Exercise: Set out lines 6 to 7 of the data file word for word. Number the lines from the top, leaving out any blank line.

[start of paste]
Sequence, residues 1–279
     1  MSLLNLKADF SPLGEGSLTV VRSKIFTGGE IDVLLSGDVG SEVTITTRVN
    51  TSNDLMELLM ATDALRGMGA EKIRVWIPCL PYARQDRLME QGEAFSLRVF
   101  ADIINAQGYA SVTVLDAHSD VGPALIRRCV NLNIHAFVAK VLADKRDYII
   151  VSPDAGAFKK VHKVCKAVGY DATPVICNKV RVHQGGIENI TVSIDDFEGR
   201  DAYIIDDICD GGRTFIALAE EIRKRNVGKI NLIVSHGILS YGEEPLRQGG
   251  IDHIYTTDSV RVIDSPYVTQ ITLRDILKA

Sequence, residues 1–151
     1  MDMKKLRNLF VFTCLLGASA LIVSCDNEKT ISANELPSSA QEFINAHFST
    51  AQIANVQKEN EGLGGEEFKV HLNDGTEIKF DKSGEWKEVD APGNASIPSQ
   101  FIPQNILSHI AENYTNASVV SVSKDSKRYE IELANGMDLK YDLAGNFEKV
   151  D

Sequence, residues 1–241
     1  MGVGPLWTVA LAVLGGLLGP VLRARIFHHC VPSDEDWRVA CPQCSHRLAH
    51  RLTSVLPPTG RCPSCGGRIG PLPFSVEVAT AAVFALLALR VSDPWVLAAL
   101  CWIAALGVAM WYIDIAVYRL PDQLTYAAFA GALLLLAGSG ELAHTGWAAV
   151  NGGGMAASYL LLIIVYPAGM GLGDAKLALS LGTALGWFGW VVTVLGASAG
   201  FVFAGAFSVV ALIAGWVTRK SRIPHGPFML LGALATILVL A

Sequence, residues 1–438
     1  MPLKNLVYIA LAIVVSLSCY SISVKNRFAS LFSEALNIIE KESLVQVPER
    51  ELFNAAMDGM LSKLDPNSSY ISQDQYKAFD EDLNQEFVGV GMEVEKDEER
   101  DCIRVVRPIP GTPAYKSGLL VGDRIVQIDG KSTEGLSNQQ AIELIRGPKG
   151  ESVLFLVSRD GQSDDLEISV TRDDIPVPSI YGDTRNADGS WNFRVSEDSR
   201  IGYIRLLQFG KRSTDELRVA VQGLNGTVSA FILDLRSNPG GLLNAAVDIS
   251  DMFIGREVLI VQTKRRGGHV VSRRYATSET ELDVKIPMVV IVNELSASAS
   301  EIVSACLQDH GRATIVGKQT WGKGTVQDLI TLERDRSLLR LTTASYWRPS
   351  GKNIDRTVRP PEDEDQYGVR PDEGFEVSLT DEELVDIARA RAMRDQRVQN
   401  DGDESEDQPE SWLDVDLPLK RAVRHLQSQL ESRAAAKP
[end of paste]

   201  DAYIIDDICD GGRTFIALAE EIRKRNVGKI NLIVSHGILS YGEEPLRQGG
   251  IDHIYTTDSV RVIDSPYVTQ ITLRDILKA